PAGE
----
There have been reports that doctors across the country are seeing some success in treating COVID-19. Some patients are receiving a combination of a malaria drug, an antibiotic and zinc.
Dr. Anthony Cardillo said he has seen very promising results with a small group of patients, but he also warns that it's still experimental, not widely-tested and much caution must still be used.
Christine Antoccia has been taking hydroxychloroquine for three days. She is part of a hospital clinical trial in Utah.
"I actually have the drug in my hand," she said, "It's 200 milligrams and I started taking quite a bit actually."
The drug has long been used for the treatment of malaria and conditions such as lupus and rheumatoid arthritis.
The evidence on its efficacy for COVID-19 is spotty at best, but many doctors across the nation are prescribing it under an emergency use authorization.
The FDA is asking doctors to use their best judgment.
Dr. Cardillo with Mend Urgent Care in Sherman Oaks says using hydroxychloroquine with zinc appears to be working in the handful of patients he has prescribed it to.
"It was actually the hydroxychloroquine opening up a channel in the cellular membranes allowing zinc to come into the cells," he said, "And we do know high levels of zinc inside of the cell that's infected with the virus shuts down that viral replication machinery."
He also gave patients azithromycin, an antibiotic most of us know as a Z-pack, to treat possible subsequent bacterial infections.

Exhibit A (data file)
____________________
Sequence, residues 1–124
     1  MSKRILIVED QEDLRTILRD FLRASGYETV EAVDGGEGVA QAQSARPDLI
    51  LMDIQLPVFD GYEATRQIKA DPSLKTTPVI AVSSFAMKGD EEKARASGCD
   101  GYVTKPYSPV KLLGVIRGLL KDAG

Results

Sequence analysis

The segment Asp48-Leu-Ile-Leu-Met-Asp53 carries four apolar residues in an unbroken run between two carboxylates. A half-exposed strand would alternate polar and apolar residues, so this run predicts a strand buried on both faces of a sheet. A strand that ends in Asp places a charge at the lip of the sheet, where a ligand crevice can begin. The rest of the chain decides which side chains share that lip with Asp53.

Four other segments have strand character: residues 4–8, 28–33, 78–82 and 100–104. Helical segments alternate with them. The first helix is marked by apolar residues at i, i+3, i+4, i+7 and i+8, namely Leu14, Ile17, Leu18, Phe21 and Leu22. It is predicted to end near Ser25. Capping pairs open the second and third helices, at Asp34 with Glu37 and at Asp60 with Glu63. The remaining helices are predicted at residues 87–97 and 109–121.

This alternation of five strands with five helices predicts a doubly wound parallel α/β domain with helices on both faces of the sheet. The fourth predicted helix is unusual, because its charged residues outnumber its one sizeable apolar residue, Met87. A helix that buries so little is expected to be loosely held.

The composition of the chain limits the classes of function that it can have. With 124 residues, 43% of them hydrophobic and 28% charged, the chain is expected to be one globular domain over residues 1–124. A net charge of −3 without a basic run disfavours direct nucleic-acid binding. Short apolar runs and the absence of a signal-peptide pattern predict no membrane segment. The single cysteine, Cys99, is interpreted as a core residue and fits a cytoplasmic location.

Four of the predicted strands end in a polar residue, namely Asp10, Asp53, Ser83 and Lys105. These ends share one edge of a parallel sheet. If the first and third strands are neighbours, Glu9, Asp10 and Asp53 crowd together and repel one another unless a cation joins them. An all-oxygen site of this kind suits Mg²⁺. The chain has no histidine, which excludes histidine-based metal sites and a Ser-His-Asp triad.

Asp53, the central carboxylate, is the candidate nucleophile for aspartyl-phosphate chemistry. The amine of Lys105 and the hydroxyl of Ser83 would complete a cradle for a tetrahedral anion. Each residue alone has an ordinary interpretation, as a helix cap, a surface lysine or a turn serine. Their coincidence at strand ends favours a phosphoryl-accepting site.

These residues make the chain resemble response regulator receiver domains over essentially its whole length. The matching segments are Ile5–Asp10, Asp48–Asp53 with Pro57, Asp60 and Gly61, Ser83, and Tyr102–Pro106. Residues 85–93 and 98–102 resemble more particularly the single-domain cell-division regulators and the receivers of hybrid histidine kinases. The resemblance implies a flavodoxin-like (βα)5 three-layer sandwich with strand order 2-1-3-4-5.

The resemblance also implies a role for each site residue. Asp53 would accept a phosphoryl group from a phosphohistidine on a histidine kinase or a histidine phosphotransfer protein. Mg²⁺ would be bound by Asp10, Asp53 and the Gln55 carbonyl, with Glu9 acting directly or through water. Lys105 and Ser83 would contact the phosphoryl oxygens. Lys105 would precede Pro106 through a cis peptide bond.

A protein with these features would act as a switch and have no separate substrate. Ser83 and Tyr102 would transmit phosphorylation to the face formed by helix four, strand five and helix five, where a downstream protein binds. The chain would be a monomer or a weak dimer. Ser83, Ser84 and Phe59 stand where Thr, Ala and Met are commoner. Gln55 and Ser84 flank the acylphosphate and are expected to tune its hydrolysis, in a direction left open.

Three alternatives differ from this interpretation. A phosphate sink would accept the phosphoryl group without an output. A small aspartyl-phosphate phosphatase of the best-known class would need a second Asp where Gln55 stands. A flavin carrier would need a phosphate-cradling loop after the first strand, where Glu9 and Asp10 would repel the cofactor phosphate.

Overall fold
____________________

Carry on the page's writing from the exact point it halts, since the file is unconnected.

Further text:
Of the 95 patients who have tested positive under Dr. Cardillo's care, five had symptoms serious enough for him to prescribe the combination treatment. All were outpatient.
He said, "The other 90 people did very well on their own. No treatment whatsoever."
He says chloroquine should not be taken as a preventative and it should not be given to people with mild symptoms. For some it can cause an irregular heartbeat that could be dangerous.
"This regimen has to be used on a hospital level, it has to be managed by physicians for people who are getting very sick," he said. "The basic tenet or principle of medicine is to do no harm."
Common side effects include: headaches, nausea, diarrhea and hair loss.
Christine Antoccia has experienced the first three. "I was extremely nauseated Saturday," she said, "Headaches like migraine headaches."
Antoccia said her symptoms of shortness of breath and coughing are under control. She says other people with symptoms need to act quickly. "If you feel sick, go and get tested," she said. "If you have the ability to get tested, get tested."
Cardillo said so far all the evidence we have is still anecdotal. Nothing has been peer-reviewed.
It's important that chloroquine or hydroxychloroquine only be prescribed to the people who need it most so that those with autoimmune conditions who also need the drug can still have access to it.